Coming Home a stripped-down tale

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      Starring Gong Li. In Mandarin, with English subtitles. Rated G.

      During the Cultural Revolution, Chairman Mao and his aging cronies channelled the rebellious energy of mid-’60s youth into a 10-year orgy of destruction that displaced and killed millions and set back China’s development for a generation.

      Novelist and screenwriter Yan Geling has visited this era before, most notably in Joan Chen’s Xiu Xiu: The Sent-Down Girl, Geling’s autobiographical tale of being “reeducated”. Here, directing great Zhang Yimou, who previously adapted The Flowers of War into an expensive period piece, takes on a more stripped-down tale, in which the three principals are stand-ins for the country’s walking wounded.

      This trio consists of Professor Lu (Hero’s excellent Chen Daoming), in prison for unspecified “rightist” activities; his loyal wife, Feng (Zhang’s usual muse, Gong Li); and their daughter, Dandan (newcomer Zhang Huiwen). When Lu escapes, he heads back to Beijing, but the daughter’s promising career in ballet is hampered by Dad’s name. So Dandan flips her noodle and turns him in at the first opportunity.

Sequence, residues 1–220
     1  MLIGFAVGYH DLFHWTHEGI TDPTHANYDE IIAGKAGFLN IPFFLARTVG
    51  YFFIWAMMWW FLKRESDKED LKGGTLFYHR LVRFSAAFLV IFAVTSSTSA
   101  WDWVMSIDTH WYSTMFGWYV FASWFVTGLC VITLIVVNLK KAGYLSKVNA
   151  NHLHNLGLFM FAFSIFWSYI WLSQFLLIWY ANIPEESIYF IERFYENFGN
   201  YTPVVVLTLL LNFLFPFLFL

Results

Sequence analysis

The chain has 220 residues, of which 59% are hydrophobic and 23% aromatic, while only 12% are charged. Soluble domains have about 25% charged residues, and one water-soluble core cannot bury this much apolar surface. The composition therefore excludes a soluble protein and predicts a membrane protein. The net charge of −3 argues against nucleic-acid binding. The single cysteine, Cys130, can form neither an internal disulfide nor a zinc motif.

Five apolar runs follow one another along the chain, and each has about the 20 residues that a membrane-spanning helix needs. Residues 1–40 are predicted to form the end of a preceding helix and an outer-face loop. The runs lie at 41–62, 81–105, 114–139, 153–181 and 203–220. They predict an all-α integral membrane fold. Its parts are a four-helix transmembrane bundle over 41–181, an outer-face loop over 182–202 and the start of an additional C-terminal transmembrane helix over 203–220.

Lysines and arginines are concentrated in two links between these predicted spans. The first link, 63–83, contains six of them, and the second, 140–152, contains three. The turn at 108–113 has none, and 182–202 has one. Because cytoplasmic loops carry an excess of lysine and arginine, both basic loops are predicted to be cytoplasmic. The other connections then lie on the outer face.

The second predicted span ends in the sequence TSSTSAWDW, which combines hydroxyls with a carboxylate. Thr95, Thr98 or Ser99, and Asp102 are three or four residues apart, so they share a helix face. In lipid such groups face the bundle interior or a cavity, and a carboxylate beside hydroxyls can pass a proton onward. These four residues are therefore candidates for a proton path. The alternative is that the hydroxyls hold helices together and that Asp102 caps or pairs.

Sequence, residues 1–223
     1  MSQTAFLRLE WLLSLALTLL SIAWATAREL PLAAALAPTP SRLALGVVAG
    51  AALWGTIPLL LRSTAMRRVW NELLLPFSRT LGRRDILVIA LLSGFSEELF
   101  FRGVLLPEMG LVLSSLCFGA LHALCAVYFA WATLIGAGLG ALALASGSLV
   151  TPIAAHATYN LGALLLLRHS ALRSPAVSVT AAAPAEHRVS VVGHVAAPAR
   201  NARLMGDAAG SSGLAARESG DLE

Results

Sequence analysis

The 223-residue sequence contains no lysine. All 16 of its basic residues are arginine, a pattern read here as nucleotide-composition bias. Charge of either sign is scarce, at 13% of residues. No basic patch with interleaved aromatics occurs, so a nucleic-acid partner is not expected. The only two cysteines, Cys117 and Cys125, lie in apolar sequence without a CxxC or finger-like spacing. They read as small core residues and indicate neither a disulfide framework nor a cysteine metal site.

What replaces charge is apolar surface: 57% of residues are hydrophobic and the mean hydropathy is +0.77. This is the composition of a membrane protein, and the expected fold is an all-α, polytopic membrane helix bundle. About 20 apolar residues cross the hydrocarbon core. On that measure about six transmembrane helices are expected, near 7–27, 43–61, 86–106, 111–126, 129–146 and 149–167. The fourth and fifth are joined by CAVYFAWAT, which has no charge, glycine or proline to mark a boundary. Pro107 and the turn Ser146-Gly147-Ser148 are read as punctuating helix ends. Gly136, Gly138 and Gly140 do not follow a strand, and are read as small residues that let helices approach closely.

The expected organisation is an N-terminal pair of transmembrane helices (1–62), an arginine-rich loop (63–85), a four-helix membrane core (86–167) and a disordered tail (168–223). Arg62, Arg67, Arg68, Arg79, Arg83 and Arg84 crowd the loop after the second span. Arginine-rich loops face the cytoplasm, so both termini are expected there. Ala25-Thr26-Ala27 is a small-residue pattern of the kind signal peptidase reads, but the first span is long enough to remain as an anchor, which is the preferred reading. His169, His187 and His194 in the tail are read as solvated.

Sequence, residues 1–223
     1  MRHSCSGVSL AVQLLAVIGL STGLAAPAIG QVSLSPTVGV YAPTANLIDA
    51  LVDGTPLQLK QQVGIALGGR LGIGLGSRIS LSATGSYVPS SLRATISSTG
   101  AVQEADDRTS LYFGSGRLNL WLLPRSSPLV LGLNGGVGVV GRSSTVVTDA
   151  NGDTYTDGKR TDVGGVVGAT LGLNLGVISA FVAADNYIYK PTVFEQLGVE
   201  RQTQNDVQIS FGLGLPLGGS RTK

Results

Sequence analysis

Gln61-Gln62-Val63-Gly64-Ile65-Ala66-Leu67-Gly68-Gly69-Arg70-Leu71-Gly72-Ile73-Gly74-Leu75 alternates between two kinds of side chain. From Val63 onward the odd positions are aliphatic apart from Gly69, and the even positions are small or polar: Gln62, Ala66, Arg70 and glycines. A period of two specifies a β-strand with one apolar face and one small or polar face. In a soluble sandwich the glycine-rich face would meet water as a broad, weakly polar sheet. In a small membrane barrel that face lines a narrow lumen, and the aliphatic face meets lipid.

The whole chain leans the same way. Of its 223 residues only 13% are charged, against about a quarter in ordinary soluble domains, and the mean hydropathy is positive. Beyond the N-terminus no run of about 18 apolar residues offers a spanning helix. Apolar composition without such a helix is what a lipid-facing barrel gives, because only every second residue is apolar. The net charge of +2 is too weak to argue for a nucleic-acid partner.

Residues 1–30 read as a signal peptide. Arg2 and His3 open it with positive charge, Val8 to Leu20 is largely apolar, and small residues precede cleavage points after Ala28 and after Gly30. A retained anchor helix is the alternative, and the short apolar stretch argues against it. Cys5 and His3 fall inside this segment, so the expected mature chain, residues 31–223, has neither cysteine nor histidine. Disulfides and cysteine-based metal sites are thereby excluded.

The first 20 minutes are gripping, but once we flash forward, a soporific pattern sets in. Mom hasn’t forgiven daughter for the betrayal, and has also developed a form of amnesia that makes it impossible to recognize her husband on his return. Unlike in the American film of the same name, no one walks into the ocean in a fit of self-sacrifice.

      But the broken family members of this Coming Home do spend the remaining 90 minutes trying to out-noble each other. The muted colours, syrupy score, and repetitive scenes drain all life out of these symbolic characters, untroubled by anything so gauche as sexual need or political specificity.

      In Zhang’s view, apparently, the Cultural Revolution was just an unfortunate force of nature, like pestilence and famine. Because no one would ever make those happen, right?